If you're familiar with All About Jazz, you know that we've dedicated over two decades to supporting jazz as an art form, and more importantly, the creative musicians who make it. Our enduring commitment has made All About Jazz one of the most culturally important websites of its kind in the world reaching hundreds of thousands of readers every month. However, to expand our offerings and develop new means to foster jazz discovery we need your help.
You can become a sustaining member for a modest $20 and in return, we'll immediately hide those pesky Google ads PLUS deliver exclusive content and provide access to future articles for a full year! This combination will not only improve your AAJ experience, it will allow us to continue to rigorously build on the great work we first started in 1995. Read on to view our project ideas...
Cornelis Fuhler is an Amsterdam based improviser who, as a pianist, is comfortable playing swing to John Cage. This recording from 2006 is a solo piano session made with no electronics, no overdubs, and no electronic treatments. With that in mind, he has created a series of sustained tones and notes that are remarkable in both a technical aspect and as a sonic document of sound improvisation.
A true chameleon in the experimental scene, Fuhler has recorded with drummer Han Bennink and bassist Wilbert de Joode. Sonic manipulator Gert-Jan Prins and Fuhler make up The Flirts. He works regularly with the likes of guitarist Keith Rowe, violinist Phil Durrant, cellist Tristan Honsinger, and saxophonists Michael Moore and Tobias Delius.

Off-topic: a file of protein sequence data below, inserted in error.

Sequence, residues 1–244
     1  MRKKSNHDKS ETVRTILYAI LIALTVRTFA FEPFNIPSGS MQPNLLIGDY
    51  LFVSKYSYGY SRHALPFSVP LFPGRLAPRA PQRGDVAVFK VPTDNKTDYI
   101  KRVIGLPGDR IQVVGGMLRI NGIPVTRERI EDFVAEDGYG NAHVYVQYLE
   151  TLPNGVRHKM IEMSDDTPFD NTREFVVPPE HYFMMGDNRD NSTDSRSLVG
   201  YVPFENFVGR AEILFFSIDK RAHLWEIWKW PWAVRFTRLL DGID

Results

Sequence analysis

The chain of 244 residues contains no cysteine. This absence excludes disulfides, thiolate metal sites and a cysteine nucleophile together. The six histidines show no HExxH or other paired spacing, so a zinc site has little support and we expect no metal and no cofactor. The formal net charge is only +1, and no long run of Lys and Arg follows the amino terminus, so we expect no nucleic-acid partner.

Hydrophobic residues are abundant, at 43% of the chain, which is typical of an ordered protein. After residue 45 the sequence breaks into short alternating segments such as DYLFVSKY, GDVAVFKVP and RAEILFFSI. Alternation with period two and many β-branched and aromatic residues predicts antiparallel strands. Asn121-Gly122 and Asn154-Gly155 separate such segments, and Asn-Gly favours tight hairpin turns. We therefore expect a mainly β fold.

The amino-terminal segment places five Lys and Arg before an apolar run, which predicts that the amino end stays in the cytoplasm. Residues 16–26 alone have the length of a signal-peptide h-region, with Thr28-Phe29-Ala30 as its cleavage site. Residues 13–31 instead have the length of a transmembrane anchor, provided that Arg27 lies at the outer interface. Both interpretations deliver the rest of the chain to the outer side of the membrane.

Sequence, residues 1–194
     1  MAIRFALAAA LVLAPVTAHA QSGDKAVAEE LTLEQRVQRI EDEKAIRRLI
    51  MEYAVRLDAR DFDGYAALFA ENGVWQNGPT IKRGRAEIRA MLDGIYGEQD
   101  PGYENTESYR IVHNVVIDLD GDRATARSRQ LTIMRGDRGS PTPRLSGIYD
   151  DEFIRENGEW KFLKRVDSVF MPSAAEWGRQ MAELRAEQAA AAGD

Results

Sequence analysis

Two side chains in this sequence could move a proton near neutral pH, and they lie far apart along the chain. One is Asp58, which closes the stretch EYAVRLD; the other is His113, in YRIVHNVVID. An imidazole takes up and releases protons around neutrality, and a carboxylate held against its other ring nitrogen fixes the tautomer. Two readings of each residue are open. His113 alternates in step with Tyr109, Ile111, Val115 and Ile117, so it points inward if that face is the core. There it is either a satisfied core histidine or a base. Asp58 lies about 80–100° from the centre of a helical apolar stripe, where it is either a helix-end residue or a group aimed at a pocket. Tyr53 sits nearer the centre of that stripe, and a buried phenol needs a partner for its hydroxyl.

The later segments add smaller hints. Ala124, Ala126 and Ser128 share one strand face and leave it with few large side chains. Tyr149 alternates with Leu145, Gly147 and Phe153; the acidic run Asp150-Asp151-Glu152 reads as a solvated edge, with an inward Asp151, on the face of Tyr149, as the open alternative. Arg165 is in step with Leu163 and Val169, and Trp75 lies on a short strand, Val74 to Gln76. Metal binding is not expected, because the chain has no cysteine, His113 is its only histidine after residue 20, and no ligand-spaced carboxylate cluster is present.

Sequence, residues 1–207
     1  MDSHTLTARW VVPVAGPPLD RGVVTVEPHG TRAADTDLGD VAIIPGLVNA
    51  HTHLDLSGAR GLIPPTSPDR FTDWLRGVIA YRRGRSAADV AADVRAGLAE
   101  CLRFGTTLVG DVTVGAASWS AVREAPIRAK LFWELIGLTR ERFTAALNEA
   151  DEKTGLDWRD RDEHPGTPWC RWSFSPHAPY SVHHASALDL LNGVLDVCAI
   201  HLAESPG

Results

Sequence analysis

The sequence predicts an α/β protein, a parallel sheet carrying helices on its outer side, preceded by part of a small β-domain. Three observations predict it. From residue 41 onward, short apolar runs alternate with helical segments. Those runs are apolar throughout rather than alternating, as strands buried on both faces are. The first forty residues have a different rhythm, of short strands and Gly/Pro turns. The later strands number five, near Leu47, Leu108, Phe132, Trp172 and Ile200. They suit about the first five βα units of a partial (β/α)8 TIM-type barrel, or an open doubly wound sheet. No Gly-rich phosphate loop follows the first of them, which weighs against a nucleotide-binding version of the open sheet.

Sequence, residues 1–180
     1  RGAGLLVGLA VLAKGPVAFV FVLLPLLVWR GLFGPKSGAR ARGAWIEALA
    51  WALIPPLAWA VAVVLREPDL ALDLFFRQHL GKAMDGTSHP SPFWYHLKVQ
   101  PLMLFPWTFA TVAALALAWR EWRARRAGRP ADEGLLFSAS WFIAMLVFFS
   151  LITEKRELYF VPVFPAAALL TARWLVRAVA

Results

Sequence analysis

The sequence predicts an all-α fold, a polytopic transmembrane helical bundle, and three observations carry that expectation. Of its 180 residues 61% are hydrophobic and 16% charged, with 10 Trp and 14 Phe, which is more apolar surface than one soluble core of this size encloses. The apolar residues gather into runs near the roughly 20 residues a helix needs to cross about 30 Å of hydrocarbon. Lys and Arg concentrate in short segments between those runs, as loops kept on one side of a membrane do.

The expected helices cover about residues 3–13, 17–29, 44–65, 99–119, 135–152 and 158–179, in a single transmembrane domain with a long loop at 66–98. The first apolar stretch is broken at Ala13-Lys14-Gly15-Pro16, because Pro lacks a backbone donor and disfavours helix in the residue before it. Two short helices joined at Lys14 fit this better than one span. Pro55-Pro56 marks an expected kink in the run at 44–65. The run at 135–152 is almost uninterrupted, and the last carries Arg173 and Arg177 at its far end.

Forgetting the remarkable premise for this session, Fuhler brings sustained echoey and foggy sounds by utilizing various ebow and super magnets applied to an acoustic grand piano. They create electromagnetic waves that perpetuate a resonance of energy and sound that can only be described as "electric. The remarkable spatial feeling created is one of deep mediation of machine dreams.
This solo piano recording is unlike any other. In fact, any resemblance between these sounds and that of a piano are quite coincidental. The dreamy states of spinning energy Fuhler concocts are devices simply to muse on the imponderable
Track Listing: North-South; Ferrous; Stengam: part 1; part 2; part 3; part 4; part 5; part 6.
Personnel: Cor Fuhler: acoustic grand piano, preparations.
I was first exposed to jazz while learning to play chess with my uncles. They would play smooth jazz, and then switch up to more standard types of jazz. But, when they played Kind of Blue by Miles Davis, I was
hooked and I haven't looked back.